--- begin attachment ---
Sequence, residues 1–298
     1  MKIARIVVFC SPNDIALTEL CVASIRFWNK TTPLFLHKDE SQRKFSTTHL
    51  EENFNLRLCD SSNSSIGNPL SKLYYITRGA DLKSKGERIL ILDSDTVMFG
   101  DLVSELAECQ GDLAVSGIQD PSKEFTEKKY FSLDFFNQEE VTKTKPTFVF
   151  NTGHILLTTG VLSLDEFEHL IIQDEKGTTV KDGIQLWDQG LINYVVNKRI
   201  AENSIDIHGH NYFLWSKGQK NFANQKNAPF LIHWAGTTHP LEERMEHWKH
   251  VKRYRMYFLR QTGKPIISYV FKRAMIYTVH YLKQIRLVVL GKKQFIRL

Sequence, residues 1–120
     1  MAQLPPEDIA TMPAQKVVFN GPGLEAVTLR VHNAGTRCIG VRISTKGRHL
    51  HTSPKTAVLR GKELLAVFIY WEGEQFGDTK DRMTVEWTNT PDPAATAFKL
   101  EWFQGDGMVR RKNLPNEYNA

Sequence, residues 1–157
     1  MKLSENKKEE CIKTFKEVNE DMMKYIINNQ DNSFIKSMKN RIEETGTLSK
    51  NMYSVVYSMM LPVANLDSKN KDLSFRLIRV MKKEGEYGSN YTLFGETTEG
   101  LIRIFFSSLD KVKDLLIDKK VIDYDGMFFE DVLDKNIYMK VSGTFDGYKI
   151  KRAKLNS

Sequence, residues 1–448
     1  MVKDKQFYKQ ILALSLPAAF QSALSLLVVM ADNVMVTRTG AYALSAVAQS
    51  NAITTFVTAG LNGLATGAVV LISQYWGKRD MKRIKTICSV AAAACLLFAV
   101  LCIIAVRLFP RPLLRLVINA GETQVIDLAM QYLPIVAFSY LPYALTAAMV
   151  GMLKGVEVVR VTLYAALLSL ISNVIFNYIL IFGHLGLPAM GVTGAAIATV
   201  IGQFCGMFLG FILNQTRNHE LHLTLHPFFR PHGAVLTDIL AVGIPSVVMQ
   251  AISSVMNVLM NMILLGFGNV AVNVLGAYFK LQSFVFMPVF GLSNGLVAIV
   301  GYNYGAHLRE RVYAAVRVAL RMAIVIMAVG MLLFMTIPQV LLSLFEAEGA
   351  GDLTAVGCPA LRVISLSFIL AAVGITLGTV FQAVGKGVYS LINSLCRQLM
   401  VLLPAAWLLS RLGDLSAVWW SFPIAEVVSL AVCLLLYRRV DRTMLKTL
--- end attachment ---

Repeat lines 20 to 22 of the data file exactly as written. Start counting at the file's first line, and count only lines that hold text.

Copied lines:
   101  LCIIAVRLFP RPLLRLVINA GETQVIDLAM QYLPIVAFSY LPYALTAAMV
   151  GMLKGVEVVR VTLYAALLSL ISNVIFNYIL IFGHLGLPAM GVTGAAIATV
   201  IGQFCGMFLG FILNQTRNHE LHLTLHPFFR PHGAVLTDIL AVGIPSVVMQ